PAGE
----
Still further in accordance with a preferred embodiment of the present invention the at least one control parameter includes at least one condition depending on a result of a previous command.

Additionally in accordance with a preferred embodiment of the present invention at least one of the steps of selecting a toy and the step of selecting at least one command includes utilizing a graphical user interface.

Still further in accordance with a preferred embodiment of the present invention the previous command includes a previous command associated with a second toy.

Additionally in accordance with a preferred embodiment of the present invention the at least one control parameter includes an execution condition controlling execution of the command.

The execution condition may include a time at which to perform the command and/or a time at which to cease performing the command. The execution condition may also include a status of the toy.

Additionally in accordance with a preferred embodiment of the present invention the at least one control parameter includes a command modifier modifying execution of the command.

Still further in accordance with a preferred embodiment of the present invention the at least one control parameter includes a condition dependent on a future event.

Additionally in accordance with a preferred embodiment of the present invention the at least one command includes a command to cancel a previous command.

There is also provided for in accordance with a preferred embodiment of the present invention a signal transmission apparatus for use in conjunction with a computer, the apparatus including wireless transmission apparatus; and signal processing apparatus including at least one of the following analog/digital sound conversion apparatus operative to convert analog sound signals to digital sound signals, to convert digital sound signals to analog sound signals, and to transmit the signals between the computer and a sound device using the wireless transmission apparatus; a peripheral control interface operative to transmit control signals between the computer and a peripheral device using the wireless transmission apparatus; and a MIDI interface operative to transmit MIDI signals between the computer and a MIDI device using the wireless transmission apparatus.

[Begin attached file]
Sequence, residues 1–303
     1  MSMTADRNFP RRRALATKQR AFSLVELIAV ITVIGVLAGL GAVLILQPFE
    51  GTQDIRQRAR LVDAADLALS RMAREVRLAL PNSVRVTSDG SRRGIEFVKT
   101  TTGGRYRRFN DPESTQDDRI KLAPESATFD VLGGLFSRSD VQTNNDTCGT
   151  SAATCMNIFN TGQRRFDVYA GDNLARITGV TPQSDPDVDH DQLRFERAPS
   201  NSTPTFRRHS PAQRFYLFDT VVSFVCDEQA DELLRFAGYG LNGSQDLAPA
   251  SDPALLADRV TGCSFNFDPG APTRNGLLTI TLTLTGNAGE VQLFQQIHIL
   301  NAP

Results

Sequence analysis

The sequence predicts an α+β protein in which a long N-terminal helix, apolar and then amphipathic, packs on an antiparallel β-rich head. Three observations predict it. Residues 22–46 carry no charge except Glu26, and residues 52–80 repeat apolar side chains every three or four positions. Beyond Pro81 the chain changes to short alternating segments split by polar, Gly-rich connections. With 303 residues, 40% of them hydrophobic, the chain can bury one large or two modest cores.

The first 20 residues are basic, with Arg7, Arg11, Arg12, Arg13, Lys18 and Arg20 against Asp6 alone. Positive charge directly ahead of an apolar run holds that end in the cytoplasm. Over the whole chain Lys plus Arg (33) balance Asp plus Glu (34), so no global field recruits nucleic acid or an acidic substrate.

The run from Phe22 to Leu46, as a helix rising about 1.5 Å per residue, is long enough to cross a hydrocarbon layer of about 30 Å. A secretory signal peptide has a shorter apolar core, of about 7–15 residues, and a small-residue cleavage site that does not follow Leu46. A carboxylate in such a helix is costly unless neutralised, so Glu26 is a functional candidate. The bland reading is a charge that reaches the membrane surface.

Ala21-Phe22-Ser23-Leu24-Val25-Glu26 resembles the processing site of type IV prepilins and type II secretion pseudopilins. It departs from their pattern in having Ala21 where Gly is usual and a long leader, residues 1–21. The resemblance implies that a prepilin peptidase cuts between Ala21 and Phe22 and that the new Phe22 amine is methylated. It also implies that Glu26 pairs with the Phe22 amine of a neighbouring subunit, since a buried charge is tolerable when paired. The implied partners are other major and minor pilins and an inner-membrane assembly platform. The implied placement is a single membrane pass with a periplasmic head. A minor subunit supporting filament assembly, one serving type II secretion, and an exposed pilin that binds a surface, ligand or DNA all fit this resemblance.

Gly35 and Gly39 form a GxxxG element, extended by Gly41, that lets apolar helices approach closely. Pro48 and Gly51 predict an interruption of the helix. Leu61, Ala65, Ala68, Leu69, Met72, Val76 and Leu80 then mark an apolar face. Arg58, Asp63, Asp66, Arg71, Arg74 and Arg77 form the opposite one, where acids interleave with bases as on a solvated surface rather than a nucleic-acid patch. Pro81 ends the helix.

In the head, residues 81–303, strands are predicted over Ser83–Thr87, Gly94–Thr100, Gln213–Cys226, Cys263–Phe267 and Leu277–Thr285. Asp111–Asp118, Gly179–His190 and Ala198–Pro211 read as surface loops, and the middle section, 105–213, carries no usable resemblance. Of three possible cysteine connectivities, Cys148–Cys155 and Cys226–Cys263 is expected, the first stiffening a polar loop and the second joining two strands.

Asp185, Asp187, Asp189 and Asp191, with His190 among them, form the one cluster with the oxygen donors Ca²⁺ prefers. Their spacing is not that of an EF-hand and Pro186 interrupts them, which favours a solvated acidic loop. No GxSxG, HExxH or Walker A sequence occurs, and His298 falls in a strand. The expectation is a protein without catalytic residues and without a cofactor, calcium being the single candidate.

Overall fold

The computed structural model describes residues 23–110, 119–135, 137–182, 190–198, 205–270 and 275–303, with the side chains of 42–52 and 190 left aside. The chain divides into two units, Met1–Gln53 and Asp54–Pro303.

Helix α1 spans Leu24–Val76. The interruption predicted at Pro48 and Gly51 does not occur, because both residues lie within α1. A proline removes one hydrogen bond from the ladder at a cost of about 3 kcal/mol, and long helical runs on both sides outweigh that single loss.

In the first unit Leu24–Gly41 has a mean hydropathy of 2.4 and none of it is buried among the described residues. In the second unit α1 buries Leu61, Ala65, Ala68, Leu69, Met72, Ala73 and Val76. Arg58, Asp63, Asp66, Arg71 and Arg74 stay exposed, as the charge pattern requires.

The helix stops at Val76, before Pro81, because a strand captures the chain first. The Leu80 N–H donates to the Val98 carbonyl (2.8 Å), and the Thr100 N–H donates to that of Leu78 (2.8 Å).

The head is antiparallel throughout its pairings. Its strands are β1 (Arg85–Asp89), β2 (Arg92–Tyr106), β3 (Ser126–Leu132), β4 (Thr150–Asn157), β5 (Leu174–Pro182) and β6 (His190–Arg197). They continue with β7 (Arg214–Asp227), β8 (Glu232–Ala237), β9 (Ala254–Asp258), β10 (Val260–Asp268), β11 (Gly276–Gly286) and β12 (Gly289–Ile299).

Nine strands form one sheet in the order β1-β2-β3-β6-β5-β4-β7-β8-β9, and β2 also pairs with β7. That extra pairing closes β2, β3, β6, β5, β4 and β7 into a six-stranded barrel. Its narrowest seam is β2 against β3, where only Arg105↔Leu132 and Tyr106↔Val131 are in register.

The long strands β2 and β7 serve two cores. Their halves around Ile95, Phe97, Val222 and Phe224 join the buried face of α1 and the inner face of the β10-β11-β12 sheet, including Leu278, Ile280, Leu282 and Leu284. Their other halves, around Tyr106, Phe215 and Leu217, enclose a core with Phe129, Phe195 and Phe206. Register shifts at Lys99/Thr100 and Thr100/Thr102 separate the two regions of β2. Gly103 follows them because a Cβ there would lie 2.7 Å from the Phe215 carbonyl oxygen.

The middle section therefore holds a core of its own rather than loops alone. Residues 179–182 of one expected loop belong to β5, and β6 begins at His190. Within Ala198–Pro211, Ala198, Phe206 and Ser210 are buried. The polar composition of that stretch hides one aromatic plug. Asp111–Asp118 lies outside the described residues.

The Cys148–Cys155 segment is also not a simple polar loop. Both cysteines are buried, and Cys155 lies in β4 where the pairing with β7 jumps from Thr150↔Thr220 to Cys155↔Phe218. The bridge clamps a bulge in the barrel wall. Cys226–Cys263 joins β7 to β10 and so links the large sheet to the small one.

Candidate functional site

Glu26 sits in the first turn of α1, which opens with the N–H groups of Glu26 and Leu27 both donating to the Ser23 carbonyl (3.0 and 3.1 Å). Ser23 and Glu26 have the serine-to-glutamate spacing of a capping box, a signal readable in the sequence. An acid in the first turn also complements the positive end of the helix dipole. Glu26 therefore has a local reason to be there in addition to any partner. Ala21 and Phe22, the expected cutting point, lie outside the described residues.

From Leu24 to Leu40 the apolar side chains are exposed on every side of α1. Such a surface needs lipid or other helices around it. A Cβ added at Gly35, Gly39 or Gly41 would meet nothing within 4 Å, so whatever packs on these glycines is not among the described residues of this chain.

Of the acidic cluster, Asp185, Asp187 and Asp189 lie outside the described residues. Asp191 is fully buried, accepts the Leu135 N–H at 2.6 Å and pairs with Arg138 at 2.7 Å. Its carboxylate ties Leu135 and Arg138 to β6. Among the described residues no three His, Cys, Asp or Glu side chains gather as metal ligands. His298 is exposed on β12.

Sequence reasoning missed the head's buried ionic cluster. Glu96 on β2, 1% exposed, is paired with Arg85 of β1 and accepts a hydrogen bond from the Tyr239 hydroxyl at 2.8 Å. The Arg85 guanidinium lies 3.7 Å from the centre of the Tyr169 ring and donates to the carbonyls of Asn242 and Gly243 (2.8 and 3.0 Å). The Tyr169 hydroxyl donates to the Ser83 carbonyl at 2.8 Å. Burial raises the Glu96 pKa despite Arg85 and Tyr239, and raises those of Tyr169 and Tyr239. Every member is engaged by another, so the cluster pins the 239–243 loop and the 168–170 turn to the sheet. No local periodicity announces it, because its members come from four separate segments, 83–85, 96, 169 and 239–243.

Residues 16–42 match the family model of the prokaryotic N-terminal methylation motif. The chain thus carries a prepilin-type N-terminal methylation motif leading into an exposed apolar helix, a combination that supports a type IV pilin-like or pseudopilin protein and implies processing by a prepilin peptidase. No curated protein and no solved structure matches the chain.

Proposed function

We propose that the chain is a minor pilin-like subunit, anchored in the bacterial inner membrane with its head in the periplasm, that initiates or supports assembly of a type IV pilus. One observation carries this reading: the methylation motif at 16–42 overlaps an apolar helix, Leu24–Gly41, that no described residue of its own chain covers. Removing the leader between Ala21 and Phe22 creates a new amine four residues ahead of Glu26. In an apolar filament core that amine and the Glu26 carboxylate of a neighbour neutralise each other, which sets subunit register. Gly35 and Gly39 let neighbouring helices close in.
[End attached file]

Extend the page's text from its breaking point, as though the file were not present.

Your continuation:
There is also provided in accordance with another preferred embodiment of the present invention a computer system including a computer, and a sound card operatively attached to the computer and having a MIDI connector and at least one analog connector, wherein the computer is operative to transmit digital signals by means of the MIDI connector and to transmit analog signals by means of the at least one analog connector.

Further in accordance with a preferred embodiment of the present invention the computer is also operative to receive digital signals by means of the MIDI connector and to receive analog signals by means of the at least one analog connector.

It is also noted that throughout the specification and claims the term “radio” includes all forms of “wireless” communication.

The term “fanciful figure” and the like, as used herein, is intended to include figures which may or may not be based on fact and which are made or designed in a curious, intricate or imaginative way.

The term “simultaneous play” and the like indicates that several players are playing a game or games at a given moment although the players may or may not have started playing the game or games at the same time and may or may not finish playing the game or games at the same time.

The term “crowd-accommodating area” is intended to include areas capable of accommodating hundreds and preferably thousands or even tens of thousands of visitors.